TORONTO — The Ontario government has released the new sexual−education curriculum, replacing a much−criticized teaching plan brought in after the Progressive Conservatives took power last year.
A statement from the province Wednesday said the curriculum for Grades 1 to 8 has been updated following feedback from the public and consultation with experts.
The sex−ed curriculum comes after an interim teaching plan based on 1998 materials was put in place after the 2015 curriculum from the previous Liberal government was repealed.
The Tories scrapped the modernized curriculum that addressed consent, online bullying, sexting, same−sex relationships and gender identity.
The new document will return to teaching those lessons, but in some cases will do so when students are older.
The curriculum will also include teachings on cannabis and concussions.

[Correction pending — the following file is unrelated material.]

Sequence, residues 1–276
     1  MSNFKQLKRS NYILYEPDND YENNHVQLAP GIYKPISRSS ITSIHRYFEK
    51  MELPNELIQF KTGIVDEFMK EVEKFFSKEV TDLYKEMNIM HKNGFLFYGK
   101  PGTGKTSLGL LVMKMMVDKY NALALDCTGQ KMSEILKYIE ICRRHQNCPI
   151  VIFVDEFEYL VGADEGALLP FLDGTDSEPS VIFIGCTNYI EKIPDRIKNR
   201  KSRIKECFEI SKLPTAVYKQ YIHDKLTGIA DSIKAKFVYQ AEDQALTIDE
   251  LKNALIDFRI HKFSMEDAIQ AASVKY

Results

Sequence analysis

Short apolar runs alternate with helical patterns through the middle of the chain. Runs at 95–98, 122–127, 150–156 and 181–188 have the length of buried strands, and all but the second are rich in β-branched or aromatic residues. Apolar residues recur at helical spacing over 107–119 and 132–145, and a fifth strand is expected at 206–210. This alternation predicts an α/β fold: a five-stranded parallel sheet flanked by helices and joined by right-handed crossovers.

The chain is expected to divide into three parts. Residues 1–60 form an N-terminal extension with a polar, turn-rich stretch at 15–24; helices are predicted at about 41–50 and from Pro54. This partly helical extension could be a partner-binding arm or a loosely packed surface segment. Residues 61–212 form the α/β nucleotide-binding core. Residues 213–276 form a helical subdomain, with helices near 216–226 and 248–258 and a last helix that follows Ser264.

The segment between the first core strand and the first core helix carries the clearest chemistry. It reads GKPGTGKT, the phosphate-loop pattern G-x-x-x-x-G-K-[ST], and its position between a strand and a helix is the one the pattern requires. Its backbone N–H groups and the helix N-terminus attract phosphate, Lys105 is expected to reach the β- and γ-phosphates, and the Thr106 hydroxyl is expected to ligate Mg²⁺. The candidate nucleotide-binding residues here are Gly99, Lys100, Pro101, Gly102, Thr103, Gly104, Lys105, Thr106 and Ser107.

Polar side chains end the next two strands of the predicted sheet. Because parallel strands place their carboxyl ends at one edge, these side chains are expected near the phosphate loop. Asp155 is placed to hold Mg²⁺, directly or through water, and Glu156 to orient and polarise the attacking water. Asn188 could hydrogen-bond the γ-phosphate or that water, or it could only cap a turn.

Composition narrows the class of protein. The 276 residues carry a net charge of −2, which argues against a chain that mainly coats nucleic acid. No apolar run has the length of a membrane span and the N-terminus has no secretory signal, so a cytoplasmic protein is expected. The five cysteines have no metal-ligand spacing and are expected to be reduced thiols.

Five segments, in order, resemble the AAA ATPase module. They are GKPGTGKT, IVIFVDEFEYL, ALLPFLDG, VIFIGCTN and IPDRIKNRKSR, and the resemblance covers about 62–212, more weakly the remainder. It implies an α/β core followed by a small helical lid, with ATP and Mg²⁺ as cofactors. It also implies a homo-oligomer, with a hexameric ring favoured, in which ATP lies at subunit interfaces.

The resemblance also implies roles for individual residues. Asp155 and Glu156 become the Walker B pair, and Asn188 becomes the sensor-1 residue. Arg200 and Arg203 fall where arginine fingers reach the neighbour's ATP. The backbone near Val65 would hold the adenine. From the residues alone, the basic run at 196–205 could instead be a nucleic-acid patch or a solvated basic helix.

Minister of Education Stephen Lecce is expected to make the announcement of the new curriculum with a focus on online safety.
“We want to make sure that as young people turn online for academics, for socializing, and entertainment they’ve got the self-confidence and the tools to stay safe,” said Lecce in a video posted on Twitter on Tuesday.
Education Minister said in a statement that the new teaching plan will “keep kids safe in and outside of the classroom.”
Parents will be able to opt out of having their kids exposed to certain topics in the sex−ed class, such as “human development” lessons, and the government will issue online resources for those who want guidance on discussing those topics at home.
“Parents are the primary educators of their children and are their children’s first role models. It is important that schools and parents work together so that both home and school provide a supportive framework for young people’s education,” said a statement from the curriculum’s overview.
The province is requiring school boards to have an exemption policy by the end of November.
The government is also boasting that the curriculum includes enhanced teaching on mental health and “social−emotional learning skills.”
The Canadian Press